Returning to reassuring routines and this blog after a visit to India and the part of half term that followed it. A visit that reinforced both my belief in the importance of our student exchange programme and of the Indian element of it. With a good deal of further work and, all things being well, the agreement of our potential Indian partners we should have two Indian student exchanges on the horizon; these two schools will add to the two potential New England ones. Why India? Because there is sufficient that is recognisable – language and schooling systems – whilst there is masses that is so fantastically different that assumptions, prejudices and customs will be healthily shaken up. In more concrete terms, what better place to go to see the full spectrum of consequences that a burgeoning developing country’s economy throws up? Difficult here not to lapse into cliché (indeed, may have already happened) but glimpsing at first hand those consequences – moral, logistical, material – is a good jolt to whatever settled world view someone growing up in the south of England might have. Add in the extraordinary melange of cultures, castes, religions, dialects and geographies and you have a stimulating brew. One very practical additional element is that by the time our current Block 5s are getting into the most formative part of their careers, India will be one of the largest 3 or 4 economies in the world: for many of our students it will be integral to their working lives.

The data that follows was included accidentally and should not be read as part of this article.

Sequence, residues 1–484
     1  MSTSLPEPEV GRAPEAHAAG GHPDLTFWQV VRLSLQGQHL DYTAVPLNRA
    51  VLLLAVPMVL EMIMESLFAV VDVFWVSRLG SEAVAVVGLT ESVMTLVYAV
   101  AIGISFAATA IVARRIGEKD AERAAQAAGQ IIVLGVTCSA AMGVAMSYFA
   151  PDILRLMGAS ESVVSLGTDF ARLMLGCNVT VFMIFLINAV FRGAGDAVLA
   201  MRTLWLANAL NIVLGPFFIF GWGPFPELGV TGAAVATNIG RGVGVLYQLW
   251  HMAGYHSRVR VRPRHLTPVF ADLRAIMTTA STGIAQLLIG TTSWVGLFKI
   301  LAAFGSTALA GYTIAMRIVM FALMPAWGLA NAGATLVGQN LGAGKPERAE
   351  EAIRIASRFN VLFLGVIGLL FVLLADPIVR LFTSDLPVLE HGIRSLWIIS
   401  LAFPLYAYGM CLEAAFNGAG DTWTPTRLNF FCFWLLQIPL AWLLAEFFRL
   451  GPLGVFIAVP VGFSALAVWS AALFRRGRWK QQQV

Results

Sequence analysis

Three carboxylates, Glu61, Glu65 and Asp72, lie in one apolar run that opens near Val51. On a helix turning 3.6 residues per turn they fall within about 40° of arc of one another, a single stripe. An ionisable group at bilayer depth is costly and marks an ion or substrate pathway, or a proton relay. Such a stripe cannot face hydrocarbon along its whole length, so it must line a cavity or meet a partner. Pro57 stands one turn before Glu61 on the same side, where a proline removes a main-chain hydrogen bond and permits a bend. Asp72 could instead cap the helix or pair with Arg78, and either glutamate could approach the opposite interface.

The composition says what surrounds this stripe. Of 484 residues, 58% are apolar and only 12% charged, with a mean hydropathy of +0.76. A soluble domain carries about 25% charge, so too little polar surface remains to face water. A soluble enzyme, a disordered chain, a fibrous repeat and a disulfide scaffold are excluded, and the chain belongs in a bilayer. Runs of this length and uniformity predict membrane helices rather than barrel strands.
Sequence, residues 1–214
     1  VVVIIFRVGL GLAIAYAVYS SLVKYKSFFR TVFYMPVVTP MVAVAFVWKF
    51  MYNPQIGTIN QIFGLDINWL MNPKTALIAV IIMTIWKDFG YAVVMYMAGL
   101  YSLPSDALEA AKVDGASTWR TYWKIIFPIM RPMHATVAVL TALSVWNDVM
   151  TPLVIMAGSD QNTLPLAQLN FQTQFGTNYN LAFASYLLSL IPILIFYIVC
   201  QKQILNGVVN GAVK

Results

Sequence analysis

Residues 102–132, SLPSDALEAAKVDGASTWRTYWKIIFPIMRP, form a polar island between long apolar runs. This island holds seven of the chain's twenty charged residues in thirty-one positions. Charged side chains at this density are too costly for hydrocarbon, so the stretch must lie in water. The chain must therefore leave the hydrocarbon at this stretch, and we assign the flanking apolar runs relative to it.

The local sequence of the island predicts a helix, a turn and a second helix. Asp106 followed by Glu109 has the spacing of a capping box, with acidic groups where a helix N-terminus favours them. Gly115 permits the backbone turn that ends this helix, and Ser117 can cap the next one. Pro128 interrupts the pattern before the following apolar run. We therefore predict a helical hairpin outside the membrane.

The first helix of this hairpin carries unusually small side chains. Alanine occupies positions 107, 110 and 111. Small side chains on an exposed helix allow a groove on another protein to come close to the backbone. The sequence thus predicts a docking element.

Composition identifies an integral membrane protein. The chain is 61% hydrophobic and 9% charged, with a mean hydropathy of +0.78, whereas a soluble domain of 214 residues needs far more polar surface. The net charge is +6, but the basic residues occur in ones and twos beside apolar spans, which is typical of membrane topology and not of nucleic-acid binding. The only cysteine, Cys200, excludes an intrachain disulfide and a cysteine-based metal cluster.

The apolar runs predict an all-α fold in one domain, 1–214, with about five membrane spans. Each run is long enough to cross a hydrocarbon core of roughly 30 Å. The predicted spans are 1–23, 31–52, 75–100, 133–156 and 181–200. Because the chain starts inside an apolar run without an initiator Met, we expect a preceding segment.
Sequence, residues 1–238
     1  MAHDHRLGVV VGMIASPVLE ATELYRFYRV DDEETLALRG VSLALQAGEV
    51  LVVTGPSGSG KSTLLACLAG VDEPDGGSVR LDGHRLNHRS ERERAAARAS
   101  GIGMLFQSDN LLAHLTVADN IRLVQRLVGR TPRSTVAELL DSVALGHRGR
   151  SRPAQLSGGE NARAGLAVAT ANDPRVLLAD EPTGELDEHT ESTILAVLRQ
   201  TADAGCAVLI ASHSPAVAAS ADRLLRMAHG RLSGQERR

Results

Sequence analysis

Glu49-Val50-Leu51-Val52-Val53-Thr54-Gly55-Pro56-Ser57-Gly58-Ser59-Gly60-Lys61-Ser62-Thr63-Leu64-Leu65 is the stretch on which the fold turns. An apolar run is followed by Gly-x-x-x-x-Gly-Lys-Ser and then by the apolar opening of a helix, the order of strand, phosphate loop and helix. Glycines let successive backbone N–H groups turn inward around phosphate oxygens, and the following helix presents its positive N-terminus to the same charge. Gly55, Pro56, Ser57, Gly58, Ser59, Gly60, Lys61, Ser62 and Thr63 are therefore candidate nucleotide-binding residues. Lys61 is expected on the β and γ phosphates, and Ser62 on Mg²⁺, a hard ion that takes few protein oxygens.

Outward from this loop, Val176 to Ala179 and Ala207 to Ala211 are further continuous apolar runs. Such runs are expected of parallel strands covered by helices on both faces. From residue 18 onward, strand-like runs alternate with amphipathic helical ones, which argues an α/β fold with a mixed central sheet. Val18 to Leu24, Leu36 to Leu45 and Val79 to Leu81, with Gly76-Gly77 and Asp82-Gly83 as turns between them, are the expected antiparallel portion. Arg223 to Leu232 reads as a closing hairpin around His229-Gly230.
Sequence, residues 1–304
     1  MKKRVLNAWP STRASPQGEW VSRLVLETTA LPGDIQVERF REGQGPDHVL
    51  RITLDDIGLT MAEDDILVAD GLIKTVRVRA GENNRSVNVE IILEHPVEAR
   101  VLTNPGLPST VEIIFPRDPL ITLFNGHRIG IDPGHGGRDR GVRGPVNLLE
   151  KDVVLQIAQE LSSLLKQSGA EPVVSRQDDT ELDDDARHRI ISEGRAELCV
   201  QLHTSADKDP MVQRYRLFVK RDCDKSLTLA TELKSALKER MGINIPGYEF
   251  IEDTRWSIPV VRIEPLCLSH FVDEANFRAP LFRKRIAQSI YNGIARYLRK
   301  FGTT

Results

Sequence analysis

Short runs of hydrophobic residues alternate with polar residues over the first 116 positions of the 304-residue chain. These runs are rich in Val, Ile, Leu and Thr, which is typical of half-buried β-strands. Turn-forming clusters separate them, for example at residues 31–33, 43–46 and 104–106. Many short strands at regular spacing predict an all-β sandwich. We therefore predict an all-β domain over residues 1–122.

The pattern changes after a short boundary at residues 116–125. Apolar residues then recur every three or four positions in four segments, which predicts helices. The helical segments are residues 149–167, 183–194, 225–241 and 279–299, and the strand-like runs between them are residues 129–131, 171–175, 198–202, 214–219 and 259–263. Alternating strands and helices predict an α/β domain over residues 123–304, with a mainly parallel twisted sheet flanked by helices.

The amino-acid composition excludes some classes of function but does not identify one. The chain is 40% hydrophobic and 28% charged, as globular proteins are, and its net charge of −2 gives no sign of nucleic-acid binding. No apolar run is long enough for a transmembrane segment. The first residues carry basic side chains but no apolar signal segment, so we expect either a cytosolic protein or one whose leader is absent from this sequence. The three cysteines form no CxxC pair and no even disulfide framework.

By Keith Budge, Headmaster, Bedales Schools
Bedales School is one of the UK’s top independent private co-education boarding schools. Bedales comprises three schools situated in Steep, near Petersfield, Hampshire: Dunannie (ages 3–8), Dunhurst (ages 8–13) and Bedales itself (ages 13–18). Established in 1893 Bedales School puts emphasis on the Arts, Sciences, voluntary service, pastoral care, and listening to students’ views. Bedales is acclaimed for its drama, theatre, art and music. The Headmaster is Keith Budge.